Matt RaibleMatt Raible is a Java Champion and Developer Advocate at Okta.

The Angular Mini-Book The Angular Mini-Book is a guide to getting started with Angular. You'll learn how to develop a bare-bones application, test it, and deploy it. Then you'll move on to adding Bootstrap, Angular Material, continuous integration, and authentication.

Spring Boot is a popular framework for building REST APIs. You'll learn how to integrate Angular with Spring Boot and use security best practices like HTTPS and a content security policy.

For book updates, follow @angular_book on Twitter.

The JHipster Mini-Book The JHipster Mini-Book is a guide to getting started with hip technologies today: Angular, Bootstrap, and Spring Boot. All of these frameworks are wrapped up in an easy-to-use project called JHipster.

This book shows you how to build an app with JHipster, and guides you through the plethora of tools, techniques and options you can use. Furthermore, it explains the UI and API building blocks so you understand the underpinnings of your great application.

For book updates, follow @jhipster-book on Twitter.


Over 10 years ago, I wrote my first blog post. Since then, I've authored books, had kids, traveled the world, found Trish and blogged about it all.

PowerBook Dent

A fair amount of PowerBook owners I know have corner dings in their laptops. It usually comes from dropping it in a parking lot or something similar. I've managed to escape this problem for a number of years now. Until today. I'm writing this post on my PowerBook, but my hard drive is currently my iPod because I can't boot up off the regular hard drive. I'm heading to the Apple Store in short order to see if they can fix the hard drive.

At least I have a decent story behind it. I was riding my bike downtown today, and while riding off the curb onto Larimer street - I popped a wheelie. I had too much oomph - and the front wheel started to head for the sky. Normally when this happens, you hop off the back of the bike and you're good to go. Not today, my shoes wouldn't snap out of my pedals - so WHAM, splat, boom. I hit the pavement like Whiley Coyote off a cliff. Right in the middle of the street too - good thing no cars were coming. Most of my left side hurt like a mother and my left elbow has some nice road rash - but nothing out of the ordinary from a bike wreck.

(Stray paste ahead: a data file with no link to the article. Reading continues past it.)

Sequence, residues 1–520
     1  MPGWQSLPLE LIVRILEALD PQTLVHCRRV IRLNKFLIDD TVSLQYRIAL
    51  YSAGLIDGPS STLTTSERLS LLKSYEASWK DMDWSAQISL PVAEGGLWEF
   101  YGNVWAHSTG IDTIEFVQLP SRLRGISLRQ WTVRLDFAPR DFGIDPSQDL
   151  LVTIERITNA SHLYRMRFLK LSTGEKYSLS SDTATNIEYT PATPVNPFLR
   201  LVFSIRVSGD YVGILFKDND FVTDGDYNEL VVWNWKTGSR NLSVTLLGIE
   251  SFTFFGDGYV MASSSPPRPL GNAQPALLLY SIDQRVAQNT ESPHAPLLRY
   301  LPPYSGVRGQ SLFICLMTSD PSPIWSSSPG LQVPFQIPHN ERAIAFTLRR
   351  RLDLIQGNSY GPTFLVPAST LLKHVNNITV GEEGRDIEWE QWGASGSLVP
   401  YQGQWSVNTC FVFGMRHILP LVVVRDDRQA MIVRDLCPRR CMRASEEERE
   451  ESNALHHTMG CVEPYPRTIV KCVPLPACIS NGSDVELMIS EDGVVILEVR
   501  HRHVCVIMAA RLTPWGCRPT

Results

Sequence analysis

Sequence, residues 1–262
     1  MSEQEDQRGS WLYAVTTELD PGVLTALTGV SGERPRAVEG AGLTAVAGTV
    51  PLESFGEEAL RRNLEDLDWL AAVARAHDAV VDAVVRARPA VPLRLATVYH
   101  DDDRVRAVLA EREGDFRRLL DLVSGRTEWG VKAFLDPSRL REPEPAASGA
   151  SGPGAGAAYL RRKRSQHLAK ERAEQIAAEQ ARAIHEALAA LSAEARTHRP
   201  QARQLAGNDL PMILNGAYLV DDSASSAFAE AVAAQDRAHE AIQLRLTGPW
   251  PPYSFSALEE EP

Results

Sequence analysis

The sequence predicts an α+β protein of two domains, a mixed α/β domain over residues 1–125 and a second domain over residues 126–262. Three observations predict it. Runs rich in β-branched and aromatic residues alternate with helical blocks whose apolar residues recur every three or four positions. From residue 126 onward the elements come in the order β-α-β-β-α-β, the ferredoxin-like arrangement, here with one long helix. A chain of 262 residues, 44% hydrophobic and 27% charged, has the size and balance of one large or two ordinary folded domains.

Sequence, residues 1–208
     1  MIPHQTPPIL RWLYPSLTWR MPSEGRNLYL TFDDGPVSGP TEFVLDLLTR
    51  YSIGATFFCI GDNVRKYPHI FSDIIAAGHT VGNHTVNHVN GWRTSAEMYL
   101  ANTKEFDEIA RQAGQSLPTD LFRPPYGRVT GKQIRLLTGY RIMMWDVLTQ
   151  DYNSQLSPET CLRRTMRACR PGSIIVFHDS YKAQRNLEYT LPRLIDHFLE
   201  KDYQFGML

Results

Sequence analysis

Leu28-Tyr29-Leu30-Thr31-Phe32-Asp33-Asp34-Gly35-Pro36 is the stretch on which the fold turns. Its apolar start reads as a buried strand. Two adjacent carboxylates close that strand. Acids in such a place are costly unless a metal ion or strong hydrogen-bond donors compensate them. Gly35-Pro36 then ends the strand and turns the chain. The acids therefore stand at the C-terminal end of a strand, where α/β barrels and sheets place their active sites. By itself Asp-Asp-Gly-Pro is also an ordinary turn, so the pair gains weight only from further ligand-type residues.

After riding off with stars in my eyes, I headed to Chipotle for lunch. After lunch, I broke out my laptop to work on Spring Live. When I pulled it out, I noticed the left-corner dent and thought, "Not bad, could have been a lot worse." Moments later, all my open applications froze up. When I tried to reboot, I got the blue Mac folder with the ? on it. In other words, "I can't find your hard drive." And so another PowerBook repair adventure begins...

Posted in Mac OS X at Aug 24 2005, 01:40:31 PM MDT 7 Comments

Funny.. :) You might want to get yourself a thin laptop protector such as: I have one and recommend it. It's made from that spongy wetsuit material and keeps things nice and snug. /vlod

Posted by vlod on August 24, 2005 at 02:07 PM MDT #

I second the spongey wetsuit material - Marware do some good cases.

Posted by Simon Brown on August 24, 2005 at 04:09 PM MDT #

Maybe this helps to save it next time :-)

Posted by Oliver Dohmen on August 25, 2005 at 01:58 AM MDT #

I'm happy with my tom Bihn brain bag and brain cell, but if you're going to be taking spills like that, the axio listed above seems like your best bet.

Posted by Ted Bergeron on August 25, 2005 at 09:28 AM MDT #

Ahhhh, I know the feeling. My hard drive failed in my 12". Taking it apart has been an event in its self. I'm buying Apple care from now on.

Posted by Ben Poweski on August 25, 2005 at 09:50 AM MDT #

You should do a comic with your adventures. Your bike wheelie story could be the first episode.

Posted by Daniel Schulz on August 26, 2005 at 01:30 AM MDT #

The Marware sleeves are great. I'm notoriously hard on my stuff but there are no dents in my 2-year-old 12" thanks to that neoprene sleeve. It's nice to be able to slip it inside whatever bag you happen to be carrying. It reduces the "I'm-a-laptop-bag-please-steal-me" factor too.

Posted by Paul on August 26, 2005 at 08:55 AM MDT #

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